Averroism is a Medieval school of philosophy, begun in the late 13th Century, which was based on the works of the 12th Century Arab philosopher AverroŽs (also known as Ibn Rushd) and his interpretations of Aristotle and his reconciliation of Aristotelianism with the Islamic faith. The movement, which can be considered a type of Scholasticism, is sometimes also known as Radical Aristotelianism or Heterodox Aristotelianism. The term "Averroism" itself was coined as late as the 19th Century.
European philosophers (such as the 13th Century Belgian philosopher Siger of Brabant and the 13th Century Swedish/Danish philosopher Boetius of Dacia) in turn applied these ideas to Aristotle's writings and their relation to the Christian faith, a variant sometimes known as Latin Averroism.
The main ideas of the philosophical concept of Averroism include:
- there is one truth, but there are (at least) two ways to reach it, through philosophy and through religion;
- the world is eternal;
- the soul is divided into two parts, one individual, and one divine;
- the individual soul is not eternal;
- all humans at the basic level share one and the same divine soul (an idea known as monopsychism);
- resurrection of the dead is not possible (this was put forth by Boetius)
AverroŽs believed that Scripture sometimes uses metaphorical language, and that those without the philosophical training to appreciate the true meaning of the passages in question are obliged to believe the literal meaning. Siger expanded this to claim that there exists a "double truth": a factual or "hard" truth that is reached through science and philosophy, and a "religious" truth that is reached through religion. Particularly galling to the Church of the time was the Averroist emphasis on the superiority of reason and philosophy over faith and knowledge founded on faith, the independent use of reason, and the idea that the philosophical and religious worlds are separate entities.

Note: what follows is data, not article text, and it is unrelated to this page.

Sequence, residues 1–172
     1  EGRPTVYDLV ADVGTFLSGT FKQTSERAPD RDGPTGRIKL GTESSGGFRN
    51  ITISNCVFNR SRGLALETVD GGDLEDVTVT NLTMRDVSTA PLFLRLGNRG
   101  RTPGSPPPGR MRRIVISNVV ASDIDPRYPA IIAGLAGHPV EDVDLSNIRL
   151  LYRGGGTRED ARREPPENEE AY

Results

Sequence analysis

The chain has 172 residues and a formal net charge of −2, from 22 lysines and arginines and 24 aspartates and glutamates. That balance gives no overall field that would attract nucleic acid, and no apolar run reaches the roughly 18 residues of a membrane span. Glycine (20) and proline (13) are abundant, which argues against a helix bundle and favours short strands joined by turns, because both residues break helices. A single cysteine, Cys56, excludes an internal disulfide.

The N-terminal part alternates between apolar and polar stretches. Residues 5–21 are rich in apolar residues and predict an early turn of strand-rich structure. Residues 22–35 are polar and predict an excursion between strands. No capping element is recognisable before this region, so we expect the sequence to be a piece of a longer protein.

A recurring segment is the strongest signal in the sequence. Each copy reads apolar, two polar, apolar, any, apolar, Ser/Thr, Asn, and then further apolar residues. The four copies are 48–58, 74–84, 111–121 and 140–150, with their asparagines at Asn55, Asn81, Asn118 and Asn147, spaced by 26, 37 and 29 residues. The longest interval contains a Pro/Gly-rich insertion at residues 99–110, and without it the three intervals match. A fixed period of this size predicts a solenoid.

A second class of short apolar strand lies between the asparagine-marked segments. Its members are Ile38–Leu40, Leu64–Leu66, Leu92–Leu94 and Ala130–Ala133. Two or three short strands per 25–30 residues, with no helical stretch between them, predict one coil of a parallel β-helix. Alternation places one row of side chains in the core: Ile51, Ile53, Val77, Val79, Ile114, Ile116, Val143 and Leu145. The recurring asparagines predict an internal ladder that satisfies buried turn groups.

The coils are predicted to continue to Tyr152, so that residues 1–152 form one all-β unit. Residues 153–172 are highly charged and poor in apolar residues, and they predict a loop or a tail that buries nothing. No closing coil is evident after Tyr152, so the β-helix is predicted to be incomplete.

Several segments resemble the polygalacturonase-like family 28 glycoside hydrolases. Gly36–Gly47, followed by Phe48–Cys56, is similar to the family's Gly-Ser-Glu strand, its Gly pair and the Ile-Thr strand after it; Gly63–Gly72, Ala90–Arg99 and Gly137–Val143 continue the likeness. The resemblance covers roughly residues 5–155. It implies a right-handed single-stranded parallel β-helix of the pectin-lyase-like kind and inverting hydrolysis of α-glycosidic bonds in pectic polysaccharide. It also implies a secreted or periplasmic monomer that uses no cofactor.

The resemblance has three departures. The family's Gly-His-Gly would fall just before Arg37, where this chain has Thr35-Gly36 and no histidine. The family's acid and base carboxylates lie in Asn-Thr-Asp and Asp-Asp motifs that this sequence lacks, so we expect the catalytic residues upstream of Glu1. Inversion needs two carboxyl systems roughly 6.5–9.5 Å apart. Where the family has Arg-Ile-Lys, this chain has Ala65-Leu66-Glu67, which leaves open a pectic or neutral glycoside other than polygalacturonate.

Averroism supports the idea that "existence precedes essence" (the philosophic concept based on the idea of existence without essence) in direct opposition to the Essentialism of rival Islamic movements, Avicennism and Illuminationism. Much later, the Transcendent Theosophy of Mulla Sadra (c. 1571 Ė 1640) in the 17th Century and Existentialism in the 20th Century were to develop this radical idea.
The Roman Catholic Church in the ecclesiastical centers of Paris and Oxford condemned 219 of AverroŽs' theses in 1277, although many of their objections were identical to the arguments of Al-Ghazali (1058 - 1111) against philosophers in general in his "Incoherence of the Philosophers" (which AverroŽs had earlier tried to demonstrate to be unjustified). St. Thomas Aquinas opposed Averroism as a dangerous line of thought, and his synthesis of faith and reason (which is at the heart of Thomism) was in specific opposition to Averroism.
Despite the condemnations, many Averroistic theses survived to the 16th Century and can be found in the philosophies of Italian Renaissance thinkers like Pico della Mirandola (1463 - 1494), Giordano Bruno (1548 -1600) and Cesare Cremonini (1550 -1631), who talked about the superiority of philosophers to the common people and the relation between the intellect and human dignity.
The pantheistic beliefs of Baruch Spinoza flowed from Averroistic monopsychism, as did his belief in the higher state of the philosophers and tendencies toward secularism (the idea that certain practices or institutions should exist separately from religion or religious belief). Some scholars consider AverroŽs to be the founding father of secular thought in Western Europe.